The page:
Muslims living in Whitehorse now have a space that they can call their own.
Following years of organizing, fundraising and planning, the Yukon Muslim Society finally opened the doors to the territory’s first-ever mosque on Sept. 28, welcoming community members from all faiths to the small building on Second Avenue near Black Street.
For Yukon Muslim Society president Muhammad Javed, it was “an exciting day,” one that reflected the “very hard work” and many hours that volunteers have put in over the years to make the mosque a reality.
“It was a historic day for Muslims in Yukon, because it’s the first mosque in the Yukon,” Javed said in an interview Oct. 1. “…Every province and territory has a mosque now.”
About 150 people showed up to the opening he said, including Premier Sandy Silver and Commissioner of Yukon, Angélique Bernard.
Of all of Canada’s provinces and territories, the Yukon, until now, was the only remaining jurisdiction without a mosque. A mosque opened in Inuvik in 2010 after being brought to the Northwest Territories from Manitoba by river and road, while a mosque opened in Iqaluit in 2016.
The Yukon Muslim Society began fundraising to build a mosque in Whitehorse about two years ago. It also received $75,000 from the Yukon government last year, via community development funding, as well as a $150,000 pledge from Manitoba-based Islamic charity the Zubaidah Tallab Foundation.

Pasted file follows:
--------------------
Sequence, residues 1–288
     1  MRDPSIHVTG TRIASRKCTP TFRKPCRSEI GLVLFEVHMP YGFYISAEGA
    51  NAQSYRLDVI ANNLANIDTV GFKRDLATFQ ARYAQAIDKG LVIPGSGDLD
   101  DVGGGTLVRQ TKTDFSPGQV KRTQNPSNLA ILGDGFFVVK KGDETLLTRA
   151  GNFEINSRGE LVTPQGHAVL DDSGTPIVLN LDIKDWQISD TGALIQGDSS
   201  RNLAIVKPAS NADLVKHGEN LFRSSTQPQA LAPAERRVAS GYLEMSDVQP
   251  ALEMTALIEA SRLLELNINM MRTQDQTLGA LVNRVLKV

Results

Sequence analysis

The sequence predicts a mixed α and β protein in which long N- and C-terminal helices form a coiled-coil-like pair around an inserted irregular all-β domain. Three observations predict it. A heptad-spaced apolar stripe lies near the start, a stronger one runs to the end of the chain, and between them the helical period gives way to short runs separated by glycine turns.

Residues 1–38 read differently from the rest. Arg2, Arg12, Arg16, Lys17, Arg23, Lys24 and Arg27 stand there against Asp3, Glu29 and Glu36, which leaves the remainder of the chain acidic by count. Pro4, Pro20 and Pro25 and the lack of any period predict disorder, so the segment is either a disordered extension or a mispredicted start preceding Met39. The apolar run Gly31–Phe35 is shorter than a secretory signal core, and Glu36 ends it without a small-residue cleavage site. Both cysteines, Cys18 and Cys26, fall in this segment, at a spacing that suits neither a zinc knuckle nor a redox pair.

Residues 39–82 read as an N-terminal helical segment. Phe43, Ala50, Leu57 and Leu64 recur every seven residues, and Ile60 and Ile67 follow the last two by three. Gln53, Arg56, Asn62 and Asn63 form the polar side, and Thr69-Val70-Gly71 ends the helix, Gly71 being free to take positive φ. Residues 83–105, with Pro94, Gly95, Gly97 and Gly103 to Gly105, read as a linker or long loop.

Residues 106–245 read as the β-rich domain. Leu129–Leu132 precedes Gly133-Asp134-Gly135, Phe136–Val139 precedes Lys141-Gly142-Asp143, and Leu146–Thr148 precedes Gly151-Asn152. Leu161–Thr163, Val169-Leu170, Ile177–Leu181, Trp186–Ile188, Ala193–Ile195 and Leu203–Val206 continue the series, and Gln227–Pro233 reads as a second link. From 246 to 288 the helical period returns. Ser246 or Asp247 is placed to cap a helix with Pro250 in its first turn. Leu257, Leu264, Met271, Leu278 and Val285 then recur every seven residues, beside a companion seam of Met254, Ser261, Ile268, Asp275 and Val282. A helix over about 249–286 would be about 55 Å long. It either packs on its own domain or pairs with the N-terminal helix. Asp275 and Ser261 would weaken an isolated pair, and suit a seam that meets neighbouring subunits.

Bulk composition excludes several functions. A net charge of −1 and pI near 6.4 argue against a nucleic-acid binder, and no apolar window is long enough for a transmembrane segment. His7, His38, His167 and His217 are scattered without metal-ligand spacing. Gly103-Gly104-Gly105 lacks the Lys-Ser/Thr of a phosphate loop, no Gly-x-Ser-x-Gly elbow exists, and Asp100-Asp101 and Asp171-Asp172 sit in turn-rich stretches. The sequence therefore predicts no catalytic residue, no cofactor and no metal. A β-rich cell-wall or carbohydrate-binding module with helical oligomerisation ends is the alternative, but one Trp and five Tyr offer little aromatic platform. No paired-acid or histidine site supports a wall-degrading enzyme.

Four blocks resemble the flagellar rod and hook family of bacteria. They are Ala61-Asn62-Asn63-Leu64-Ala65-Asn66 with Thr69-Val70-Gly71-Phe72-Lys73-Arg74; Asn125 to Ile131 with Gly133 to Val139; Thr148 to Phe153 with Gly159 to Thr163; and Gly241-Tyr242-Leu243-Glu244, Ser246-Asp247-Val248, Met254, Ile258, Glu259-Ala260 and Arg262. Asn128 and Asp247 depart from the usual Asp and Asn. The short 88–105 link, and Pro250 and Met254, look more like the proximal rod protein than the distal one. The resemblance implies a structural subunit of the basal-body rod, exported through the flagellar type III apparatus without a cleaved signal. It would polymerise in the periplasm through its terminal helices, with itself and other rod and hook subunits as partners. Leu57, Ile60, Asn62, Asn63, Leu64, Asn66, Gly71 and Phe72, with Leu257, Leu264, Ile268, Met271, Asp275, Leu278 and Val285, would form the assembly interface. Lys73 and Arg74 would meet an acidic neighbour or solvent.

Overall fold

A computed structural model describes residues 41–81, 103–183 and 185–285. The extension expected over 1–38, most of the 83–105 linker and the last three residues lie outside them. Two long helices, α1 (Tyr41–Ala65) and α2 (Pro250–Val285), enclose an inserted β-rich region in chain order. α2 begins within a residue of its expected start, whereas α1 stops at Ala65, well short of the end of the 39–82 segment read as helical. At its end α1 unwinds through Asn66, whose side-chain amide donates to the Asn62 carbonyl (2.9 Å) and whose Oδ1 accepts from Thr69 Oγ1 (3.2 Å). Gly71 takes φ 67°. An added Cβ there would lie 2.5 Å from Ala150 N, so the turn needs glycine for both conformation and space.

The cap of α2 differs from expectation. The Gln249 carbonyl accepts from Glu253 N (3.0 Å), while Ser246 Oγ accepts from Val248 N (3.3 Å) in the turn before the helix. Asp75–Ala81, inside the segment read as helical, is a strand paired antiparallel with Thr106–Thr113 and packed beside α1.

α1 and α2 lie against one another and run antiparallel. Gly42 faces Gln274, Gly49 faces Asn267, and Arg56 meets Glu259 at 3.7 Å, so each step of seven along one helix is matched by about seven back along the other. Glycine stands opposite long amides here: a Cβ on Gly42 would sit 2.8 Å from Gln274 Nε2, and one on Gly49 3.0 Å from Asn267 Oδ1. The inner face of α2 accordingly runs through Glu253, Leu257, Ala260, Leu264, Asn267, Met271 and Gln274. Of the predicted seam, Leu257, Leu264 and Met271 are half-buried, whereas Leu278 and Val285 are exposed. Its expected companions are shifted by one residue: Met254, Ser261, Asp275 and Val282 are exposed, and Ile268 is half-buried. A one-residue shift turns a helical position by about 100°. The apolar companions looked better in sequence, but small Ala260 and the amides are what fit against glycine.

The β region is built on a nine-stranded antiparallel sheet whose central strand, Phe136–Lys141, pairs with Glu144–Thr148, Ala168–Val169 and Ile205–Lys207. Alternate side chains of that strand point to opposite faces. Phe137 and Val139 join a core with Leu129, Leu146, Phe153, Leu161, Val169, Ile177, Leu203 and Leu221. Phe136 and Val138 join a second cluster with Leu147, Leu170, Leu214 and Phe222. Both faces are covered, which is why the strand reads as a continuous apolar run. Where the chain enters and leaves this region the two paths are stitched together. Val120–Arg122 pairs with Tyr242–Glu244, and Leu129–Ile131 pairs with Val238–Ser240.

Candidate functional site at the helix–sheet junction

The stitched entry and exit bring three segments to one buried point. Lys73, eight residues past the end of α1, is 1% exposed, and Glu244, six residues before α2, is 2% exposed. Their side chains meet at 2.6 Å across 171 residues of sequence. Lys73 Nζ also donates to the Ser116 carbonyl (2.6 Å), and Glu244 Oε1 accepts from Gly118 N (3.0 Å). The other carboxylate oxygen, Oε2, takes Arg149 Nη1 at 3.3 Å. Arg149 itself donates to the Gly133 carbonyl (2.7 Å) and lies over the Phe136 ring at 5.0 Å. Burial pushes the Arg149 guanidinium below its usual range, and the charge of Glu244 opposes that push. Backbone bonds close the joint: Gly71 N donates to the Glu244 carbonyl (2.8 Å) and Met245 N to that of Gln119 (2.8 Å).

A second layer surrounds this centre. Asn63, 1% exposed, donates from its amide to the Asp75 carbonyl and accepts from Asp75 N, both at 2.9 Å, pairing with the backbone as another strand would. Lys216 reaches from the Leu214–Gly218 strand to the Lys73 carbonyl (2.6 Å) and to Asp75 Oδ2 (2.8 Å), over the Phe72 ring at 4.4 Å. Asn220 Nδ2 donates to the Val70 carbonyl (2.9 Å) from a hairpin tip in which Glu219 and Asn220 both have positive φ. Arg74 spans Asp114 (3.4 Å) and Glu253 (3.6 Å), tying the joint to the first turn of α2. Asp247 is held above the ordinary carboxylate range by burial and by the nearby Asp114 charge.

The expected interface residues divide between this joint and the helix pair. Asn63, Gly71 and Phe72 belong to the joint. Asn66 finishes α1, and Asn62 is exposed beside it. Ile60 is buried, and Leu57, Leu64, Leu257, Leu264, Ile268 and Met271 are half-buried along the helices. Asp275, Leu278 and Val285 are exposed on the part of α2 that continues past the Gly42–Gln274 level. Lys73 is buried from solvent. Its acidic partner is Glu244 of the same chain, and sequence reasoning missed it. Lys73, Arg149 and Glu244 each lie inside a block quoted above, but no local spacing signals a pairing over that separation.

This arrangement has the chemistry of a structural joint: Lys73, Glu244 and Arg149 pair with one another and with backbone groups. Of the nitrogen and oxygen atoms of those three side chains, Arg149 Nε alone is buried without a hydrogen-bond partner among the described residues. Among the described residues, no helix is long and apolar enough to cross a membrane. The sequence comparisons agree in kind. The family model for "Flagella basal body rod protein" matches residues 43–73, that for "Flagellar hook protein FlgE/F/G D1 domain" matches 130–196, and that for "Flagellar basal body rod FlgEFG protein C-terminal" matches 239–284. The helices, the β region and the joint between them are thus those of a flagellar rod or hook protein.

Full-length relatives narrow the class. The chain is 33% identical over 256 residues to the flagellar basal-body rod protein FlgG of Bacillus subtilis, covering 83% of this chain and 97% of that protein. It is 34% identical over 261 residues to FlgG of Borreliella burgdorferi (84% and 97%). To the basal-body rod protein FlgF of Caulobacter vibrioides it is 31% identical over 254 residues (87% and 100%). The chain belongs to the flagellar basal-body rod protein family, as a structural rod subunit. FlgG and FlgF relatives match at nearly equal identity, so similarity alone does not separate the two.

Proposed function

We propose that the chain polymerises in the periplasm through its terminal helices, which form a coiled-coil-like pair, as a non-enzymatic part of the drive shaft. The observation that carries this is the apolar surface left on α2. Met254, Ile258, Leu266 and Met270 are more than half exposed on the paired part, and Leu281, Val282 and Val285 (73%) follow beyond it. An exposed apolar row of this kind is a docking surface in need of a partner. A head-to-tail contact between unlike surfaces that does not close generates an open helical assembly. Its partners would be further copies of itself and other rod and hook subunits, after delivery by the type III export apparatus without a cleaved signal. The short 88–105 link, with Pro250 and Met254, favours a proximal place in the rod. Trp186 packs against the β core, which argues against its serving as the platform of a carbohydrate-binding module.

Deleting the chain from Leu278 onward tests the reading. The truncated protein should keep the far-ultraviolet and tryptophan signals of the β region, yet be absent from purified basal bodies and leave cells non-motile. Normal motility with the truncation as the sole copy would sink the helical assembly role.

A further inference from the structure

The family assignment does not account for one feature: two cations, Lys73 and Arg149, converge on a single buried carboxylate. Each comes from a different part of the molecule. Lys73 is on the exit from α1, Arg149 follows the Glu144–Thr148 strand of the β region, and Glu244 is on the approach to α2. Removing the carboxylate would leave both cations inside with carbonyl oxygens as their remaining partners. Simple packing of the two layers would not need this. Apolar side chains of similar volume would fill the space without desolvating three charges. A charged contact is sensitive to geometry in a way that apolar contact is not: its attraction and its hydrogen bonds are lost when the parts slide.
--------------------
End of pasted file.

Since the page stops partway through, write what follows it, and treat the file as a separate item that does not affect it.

Javed said the mosque was a necessary addition in Whitehorse, where about 40 Muslim families now live. When he first moved to the city in 2001, he recalled, there were only three Muslim families, with the population gradually increasing over the years.
In 2005, the community began praying at a room offered to them by the United Church, Javed said, before renting a small space near Strickland and Front Sts. in 2009. But, with around 100 people attending prayers in recent years, that space started getting a bit cramped, too.
“With the community growing, it was too small and there was not enough space, especially with the Friday congregation and annual celebrations — space was getting tight,” he said. “And we also wanted to have some space which is permanent and which is bigger in size, where we can (have) not only prayer, but also social gatherings.”
The Yukon Muslim Society would also like to start offering children’s religious education at the mosque too, Javed said, as a lack of a facility “for the kids to learn the cultural and religious aspects” had previously caused some Muslim families to leave Whitehorse.
For now, though, the mosque is primarily serving as a place for daily prayer (prayers are led by a community member as the society currently doesn’t have the capacity to bring in an imam), with members of the public welcome to visit the space by appointment. There are also a few finishing touches that the mosque still needs: it’s a functioning space with specially-ordered red-and-gold carpets covering the floor of the main room, separate entrances for men and women and a station for ablutions near the entrance, but details like having a nicer privacy curtain and installing appliances so food can be reheated for gatherings still need to be addressed.
The society is also continuing to fundraise to support the cost of the mosque and its ongoing operation, but overall, Javed said he’s pleased that what was only an idea a few years ago has now become reality.
“We’re very happy that it was a very successful project,” he said.
With files from Maura Forrest and Jamie-Lee McKenzie
Contact Jackie Hong at firstname.lastname@example.org